The wages of one of Democrat Gov. John Bel Edwards’ Wuhan coronavirus pandemic policies, amplified by sympathetic school districts and a hesitant state school authority, reverberate still, and for some children negatively for the rest of their lives.
Recently, the state Department of Education released test score results for the past school year. The news was cautiously good, with minor increases mostly across the board for districts and schools. Unfortunately, these gains didn’t quite balance the losses encountered in the previous year, leaving on the whole student achievement behind where it was for academic year 2020.
LEAP test data clearly showed how curricula delivery based on in-person instruction outperformed that which was entirely virtual. In AY 2021, for grades 3-8, the rate of students who scored at the second-highest Mastery or above level on ELA and Math assessments was 15 percent higher for students who were in-person for the entirety of the year versus those who were virtual for the entire year. Also, students who were virtual for the entire year had an 11 percent greater rate of the lowest Unsatisfactory level scores than students who were in-person for the entire year. For AY 2022, in-person learning was a contributing factor to the progress as 98 percent of LEAP testers engaged in full-time, in-person learning, compared to 57 percent in AY 2021.
Over the course of the pandemic, students engaged in full-time, in-person learning outperformed those engaged in virtual learning. As Superintendent Cade Brumley bluntly put it, “K-12 education is on the rise in Louisiana because we kept schools open, strategically allocated resources, and developed innovative solutions to recover and accelerate student learning.”
No thanks in part to Edwards, who issued a series of proclamations that had the effect, starting in the last few weeks of AY 2020. At the time, education officials encouraged that in an atmosphere of little knowledge about the virus.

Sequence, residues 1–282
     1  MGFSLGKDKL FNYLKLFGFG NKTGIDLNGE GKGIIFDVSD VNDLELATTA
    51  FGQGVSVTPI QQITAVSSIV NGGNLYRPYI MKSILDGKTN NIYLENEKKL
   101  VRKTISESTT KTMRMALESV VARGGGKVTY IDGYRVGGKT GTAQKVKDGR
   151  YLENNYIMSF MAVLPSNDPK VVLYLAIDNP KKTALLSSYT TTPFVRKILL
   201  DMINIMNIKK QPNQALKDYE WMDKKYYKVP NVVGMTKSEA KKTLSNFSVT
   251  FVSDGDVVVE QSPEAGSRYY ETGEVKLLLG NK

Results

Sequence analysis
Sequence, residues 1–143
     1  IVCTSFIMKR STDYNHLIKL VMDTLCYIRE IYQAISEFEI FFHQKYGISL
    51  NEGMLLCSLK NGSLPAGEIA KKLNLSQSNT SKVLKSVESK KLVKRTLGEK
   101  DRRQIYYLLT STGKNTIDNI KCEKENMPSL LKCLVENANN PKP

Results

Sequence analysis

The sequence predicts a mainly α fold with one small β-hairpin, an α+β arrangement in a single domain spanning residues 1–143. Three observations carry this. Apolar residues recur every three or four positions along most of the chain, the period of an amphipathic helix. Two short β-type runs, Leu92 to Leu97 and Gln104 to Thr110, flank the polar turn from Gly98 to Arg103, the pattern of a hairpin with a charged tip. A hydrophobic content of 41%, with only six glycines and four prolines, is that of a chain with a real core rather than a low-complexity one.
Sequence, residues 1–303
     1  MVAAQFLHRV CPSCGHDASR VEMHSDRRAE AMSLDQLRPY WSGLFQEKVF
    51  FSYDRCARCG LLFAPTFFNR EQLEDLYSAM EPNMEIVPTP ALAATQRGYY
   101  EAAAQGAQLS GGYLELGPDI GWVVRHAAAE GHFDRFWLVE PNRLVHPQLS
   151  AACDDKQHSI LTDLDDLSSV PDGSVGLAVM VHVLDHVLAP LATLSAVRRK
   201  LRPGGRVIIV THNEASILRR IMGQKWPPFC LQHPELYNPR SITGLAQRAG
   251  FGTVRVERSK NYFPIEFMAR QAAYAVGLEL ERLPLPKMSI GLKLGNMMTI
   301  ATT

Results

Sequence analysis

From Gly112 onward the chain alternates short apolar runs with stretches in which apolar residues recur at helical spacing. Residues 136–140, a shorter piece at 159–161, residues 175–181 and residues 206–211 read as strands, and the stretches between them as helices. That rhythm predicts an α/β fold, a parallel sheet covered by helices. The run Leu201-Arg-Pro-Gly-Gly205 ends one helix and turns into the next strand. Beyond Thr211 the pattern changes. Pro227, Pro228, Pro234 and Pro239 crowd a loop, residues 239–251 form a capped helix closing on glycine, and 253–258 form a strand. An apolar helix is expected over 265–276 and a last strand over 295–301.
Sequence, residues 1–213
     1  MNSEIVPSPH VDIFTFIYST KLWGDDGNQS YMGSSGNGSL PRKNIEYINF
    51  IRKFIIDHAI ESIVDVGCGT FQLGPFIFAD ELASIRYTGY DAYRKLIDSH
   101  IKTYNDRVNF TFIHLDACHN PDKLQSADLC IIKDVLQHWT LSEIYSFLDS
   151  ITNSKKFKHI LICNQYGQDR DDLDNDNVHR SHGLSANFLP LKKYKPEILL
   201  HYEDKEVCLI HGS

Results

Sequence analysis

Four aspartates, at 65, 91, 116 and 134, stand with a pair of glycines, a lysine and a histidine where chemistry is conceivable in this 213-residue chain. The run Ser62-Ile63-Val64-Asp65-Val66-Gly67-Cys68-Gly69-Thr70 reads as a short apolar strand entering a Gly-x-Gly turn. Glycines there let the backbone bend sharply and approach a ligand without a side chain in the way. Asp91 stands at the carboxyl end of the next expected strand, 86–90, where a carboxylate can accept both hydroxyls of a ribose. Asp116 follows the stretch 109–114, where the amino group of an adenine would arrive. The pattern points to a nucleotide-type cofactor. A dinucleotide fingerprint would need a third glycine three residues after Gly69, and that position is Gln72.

But data quickly came to light that children hardly suffered from the virus and families complained about virtual-only learning left children behind, so by the start of AY 2021 Edwards modified his order to allow schools to open if they met certain conditions. Unfortunately, that didn’t go far enough as it left the matter in district and school administrators’ hands, and a number opted not to do so or to do so incompletely.
It also brought up a jurisdictional dispute between gubernatorial powers and those held by the Board of Elementary and Secondary Education, as to whether Edwards could impose mandates on schools. Regrettably, BESE never challenged his authority to set conditions for school openings, and eventually Brumley on his own issued guidance that directed all schools to open at the start of AY 2022.
Asserting that authority, Edwards should have released all restrictions on gatherings for instruction at the start of AY 2021. When he didn’t, BESE and Brumley should have challenged that with the end result of imposing that release. And when that didn’t happen, the schools and districts that continued with forced or optional virtual learning should not have. While Louisiana did reopen schools before most states and more of them, hesitancy to do so completely still did damage and must serve as a lesson for the future.